I played through Fallout 4 on the PS4. It’s a Bethesda game, so jank ensued. However, Fallout 4 never actually crashed…so that’s something.
Fallout 4 doesn’t make a great first impression. It hitches it’s wagon to the well-worn clichéd phrase ‘War never changes’ which is meant to bookend the narrative. However, having played 56 hours of Fallout 4 and seeing all endings, I have no clue how the phrase really relates to the game at all. I mean, you could make an argument for it I guess, but it’s just a weird choice to have this here at all.
The game starts in pre-apocalypse Boston as you, your spouse and your new baby Shaun are enjoying a nice summer’s morning. Very quickly though, the sirens start to sound and you have to leg it to your new home, Vault 111. Events transpire and you wake up 200 years later to find your spouse dead and your son missing. You venture out of the Vault to find a wasteland, a brutal and unforgiving place, which you’ll have to deal with on your quest to find your son.
It’s a pretty boiler-plate Fallout story, as Fallout 3 had a similar main throughline, with you having to leave the Vault to find your Liam Neeson, and the main story in Fallout has never been that good. Your first few hours in the Commonwealth will be a whistle-stop tour of many of the systems you will have to contend with in the game. If you watched Bethesda’s E3 press conference, it’s that. All of that. It’s almost like a ‘vertical slice’ of a game that you would hear of going out to press. Power Armour, crafting, base building, buddies, perks, looting. It’s all there up front and if you’ve never played a Fallout game before, I could see this being almost impenetrable. Hell, even I was struggling as some of the tutorials are so bare bones, I hardly knew what to press and when. The base building mechanic is something I still don’t think I really understand because the tutorial (mapped out like the Wasteland Survival Guide quest from Fallout 3) actively doesn’t tell you things like having to assign settlers to certain pieces of equipment, and how to connect things to generators for power.
It doesn’t help that Fallout 4’s starting areas seem rather lifeless. Vault 111 is at the top corner of the map and there’s not much around it. I get that the developers want you to go along the critical path for a while, but compared to the rest of the map, it’s totally barren. So the best thing is indeed to stick with the story, and as soon as I stepped foot in Diamond City (like Fallout 3’s Megaton), I started to feel more excited. Diamond City is full of character, and teeming with kooky NPCs that are a joy to be around. Unlike Megaton, it is also extremely colourful, with the games colour pallete really showing the difference between this and it’s predecessor.
Fallout 4 is not a pretty game by any stretch of the imagination, but at these moments, it does have it’s charms, with the game’s art style improving on anything seen in the series before. The style seeps into the quests too, as side quests start coming thick and fast. Side quests are really the meat of Fallout games, often feeling more robust than the main quest. You’ll be sent off on strange tasks, like going to find some green paint for a guy who really wants to paint a baseball scoreboard, or finding a boy in a fridge. There are tons of quests to sink your teeth into, and you should be able to find something to your fancy.
After the first few hours, locations start to become more diverse. You can find yourself stumbling on an old insane asylum, a colonial museum, a pristine art gallery or even a downed aircraft. The world building in Bethesda games really is fantastic and it is in full force here. You can easily get lost for hours, forgetting what you even went out into the wasteland for originally. There are so many little things to find and little pockets of dark humour that it’s a joy just to exist in the world.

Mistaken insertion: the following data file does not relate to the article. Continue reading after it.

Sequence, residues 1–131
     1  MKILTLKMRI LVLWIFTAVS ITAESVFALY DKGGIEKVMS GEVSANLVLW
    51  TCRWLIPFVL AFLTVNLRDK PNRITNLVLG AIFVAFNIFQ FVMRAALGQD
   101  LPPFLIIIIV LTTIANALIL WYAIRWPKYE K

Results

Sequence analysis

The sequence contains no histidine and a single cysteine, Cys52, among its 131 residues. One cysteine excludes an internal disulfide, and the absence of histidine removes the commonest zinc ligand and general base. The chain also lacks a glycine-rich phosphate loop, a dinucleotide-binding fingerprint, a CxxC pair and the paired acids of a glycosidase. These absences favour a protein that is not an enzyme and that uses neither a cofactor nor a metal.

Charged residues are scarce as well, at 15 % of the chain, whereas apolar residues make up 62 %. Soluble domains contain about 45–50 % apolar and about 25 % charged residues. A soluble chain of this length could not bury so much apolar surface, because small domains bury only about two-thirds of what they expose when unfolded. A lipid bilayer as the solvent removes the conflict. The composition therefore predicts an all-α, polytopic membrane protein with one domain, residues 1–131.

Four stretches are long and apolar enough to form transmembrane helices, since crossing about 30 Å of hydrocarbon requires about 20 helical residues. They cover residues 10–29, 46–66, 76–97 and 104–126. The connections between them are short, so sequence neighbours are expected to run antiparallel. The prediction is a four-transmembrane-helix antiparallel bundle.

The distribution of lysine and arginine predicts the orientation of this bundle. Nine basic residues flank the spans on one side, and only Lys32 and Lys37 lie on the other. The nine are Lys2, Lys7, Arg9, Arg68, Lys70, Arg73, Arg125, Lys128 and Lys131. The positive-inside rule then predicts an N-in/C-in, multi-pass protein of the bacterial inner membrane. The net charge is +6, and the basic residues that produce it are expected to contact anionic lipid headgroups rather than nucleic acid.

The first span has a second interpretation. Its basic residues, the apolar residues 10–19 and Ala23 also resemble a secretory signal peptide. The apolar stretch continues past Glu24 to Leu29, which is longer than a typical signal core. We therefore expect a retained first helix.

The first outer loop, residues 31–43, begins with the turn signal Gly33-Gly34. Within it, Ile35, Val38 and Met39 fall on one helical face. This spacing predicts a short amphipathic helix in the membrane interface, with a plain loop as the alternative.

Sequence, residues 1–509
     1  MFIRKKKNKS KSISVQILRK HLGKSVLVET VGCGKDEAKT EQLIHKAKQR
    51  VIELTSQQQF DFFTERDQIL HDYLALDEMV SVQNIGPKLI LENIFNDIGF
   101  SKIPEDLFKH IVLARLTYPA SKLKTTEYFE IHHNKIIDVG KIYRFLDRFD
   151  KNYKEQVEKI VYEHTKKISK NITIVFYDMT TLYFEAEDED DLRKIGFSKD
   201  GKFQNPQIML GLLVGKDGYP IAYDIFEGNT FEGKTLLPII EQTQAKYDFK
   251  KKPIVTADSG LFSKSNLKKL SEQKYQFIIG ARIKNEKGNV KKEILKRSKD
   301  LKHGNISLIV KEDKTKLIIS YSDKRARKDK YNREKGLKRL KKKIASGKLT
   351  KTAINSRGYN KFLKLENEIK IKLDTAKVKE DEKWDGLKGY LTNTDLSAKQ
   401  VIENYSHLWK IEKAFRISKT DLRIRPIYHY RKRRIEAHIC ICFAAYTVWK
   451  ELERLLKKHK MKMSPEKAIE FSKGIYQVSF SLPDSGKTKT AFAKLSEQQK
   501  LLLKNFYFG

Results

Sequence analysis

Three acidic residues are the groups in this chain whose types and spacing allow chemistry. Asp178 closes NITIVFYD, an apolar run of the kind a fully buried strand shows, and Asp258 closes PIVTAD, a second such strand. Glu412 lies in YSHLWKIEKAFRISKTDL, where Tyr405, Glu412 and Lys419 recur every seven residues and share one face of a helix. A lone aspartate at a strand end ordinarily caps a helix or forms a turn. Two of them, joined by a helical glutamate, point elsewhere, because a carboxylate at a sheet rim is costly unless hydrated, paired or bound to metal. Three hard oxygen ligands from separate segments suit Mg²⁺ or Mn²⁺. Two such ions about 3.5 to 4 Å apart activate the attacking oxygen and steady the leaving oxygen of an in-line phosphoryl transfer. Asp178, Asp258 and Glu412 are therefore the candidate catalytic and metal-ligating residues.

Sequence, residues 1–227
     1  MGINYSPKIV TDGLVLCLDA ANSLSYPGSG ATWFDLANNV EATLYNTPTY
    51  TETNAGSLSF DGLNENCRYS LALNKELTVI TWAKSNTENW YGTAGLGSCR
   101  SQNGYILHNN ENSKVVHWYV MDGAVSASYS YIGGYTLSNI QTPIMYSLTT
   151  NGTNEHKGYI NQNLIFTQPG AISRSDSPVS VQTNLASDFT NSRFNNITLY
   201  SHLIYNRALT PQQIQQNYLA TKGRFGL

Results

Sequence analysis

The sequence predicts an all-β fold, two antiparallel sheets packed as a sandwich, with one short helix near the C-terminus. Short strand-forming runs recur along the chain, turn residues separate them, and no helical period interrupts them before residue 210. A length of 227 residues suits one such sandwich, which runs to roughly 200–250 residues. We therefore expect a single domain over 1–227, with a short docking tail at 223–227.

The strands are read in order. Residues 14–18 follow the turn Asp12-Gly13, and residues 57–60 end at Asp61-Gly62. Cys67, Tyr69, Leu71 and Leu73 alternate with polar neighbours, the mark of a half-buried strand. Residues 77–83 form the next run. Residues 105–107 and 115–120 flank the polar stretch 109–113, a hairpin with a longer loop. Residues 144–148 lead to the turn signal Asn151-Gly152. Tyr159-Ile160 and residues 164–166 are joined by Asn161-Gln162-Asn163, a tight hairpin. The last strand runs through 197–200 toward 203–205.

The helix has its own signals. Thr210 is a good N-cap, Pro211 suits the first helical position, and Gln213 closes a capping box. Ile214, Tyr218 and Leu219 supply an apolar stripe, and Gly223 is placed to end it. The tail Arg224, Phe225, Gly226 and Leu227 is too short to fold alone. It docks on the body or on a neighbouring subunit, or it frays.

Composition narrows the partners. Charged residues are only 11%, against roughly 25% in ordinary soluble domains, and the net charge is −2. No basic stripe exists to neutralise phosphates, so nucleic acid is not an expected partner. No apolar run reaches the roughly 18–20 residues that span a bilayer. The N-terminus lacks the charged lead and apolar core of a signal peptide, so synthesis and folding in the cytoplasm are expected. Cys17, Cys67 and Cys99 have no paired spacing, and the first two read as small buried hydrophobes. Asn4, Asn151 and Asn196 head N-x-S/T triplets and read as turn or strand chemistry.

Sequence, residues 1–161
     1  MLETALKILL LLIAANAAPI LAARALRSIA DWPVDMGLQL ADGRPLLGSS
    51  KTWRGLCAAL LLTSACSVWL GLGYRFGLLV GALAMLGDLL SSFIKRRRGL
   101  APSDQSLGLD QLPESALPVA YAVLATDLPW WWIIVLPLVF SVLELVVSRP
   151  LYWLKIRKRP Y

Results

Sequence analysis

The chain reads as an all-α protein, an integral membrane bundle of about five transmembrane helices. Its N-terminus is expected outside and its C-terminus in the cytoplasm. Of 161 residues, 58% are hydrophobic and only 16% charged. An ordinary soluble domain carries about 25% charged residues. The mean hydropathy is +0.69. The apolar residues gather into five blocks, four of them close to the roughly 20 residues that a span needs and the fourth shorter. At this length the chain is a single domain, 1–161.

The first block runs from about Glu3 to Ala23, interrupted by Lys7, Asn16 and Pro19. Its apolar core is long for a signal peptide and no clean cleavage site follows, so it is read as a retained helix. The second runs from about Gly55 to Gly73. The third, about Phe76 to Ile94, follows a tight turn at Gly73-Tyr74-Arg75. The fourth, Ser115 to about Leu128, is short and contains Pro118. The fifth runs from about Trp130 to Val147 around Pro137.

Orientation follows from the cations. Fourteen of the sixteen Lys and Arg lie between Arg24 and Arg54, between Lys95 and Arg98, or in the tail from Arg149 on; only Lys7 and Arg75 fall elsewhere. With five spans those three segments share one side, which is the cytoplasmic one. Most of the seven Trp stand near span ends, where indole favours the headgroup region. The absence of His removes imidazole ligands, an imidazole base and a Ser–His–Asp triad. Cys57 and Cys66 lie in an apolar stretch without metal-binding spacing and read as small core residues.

There are some weird decisions in Fallout 4, and it feels sometimes that it’s just stretched too thin. The one example I have is game tapes. You can find magazines in the Commonwealth, which come with tapes for your Pip-Boy where you can play old-school arcade games. There are lots of games, but I did this precisely once and that was to get a trophy. It’s a fun bullet-point to have at an E3 press conference, I guess, but I would rather they had focused more on something else. I like the base building aspect but it’s not explained and not fleshed out at all. And that trademark Bethesda jank is here in full force. It’s rather charming, until it makes a quest uncompletable and then it’s suddenly not funny anymore. Luckily this didn’t happen to me, but there are reports of this happening to people.
The janky jank is definitely something they need to address. I don’t think Bethesda can get away with another one of these. The engine needs an overhaul and it needs updating. The frame rate in my time with the game has sometimes dipped under 10. I can’t begin to imagine how complex this stuff is, with thousands and thousands of variables, but releases such as The Witcher 3 and MGS V this year feel far more polished and cohesive. These two games have nowhere near as many things going on as a Fallout game, but that’s not going to matter to the average Joe consumer. The new Elder Scrolls (I guess that’s next) simply has to be better.
Fallout 4 is a jittery mess at times, but it’s hard not to buy into it. And that’s because the rest of the game is so damn good. It may not have as high of a bar as the other open-world releases this year, but it feels as strong if not even more. Fallout is all about the delectable charm and darkly comic situations you can stumble across randomly in the wasteland. Fallout 4 is a new standard for Bethesda’s open-world RPGs, although at times it’s hard not to argue that the standard should have been higher.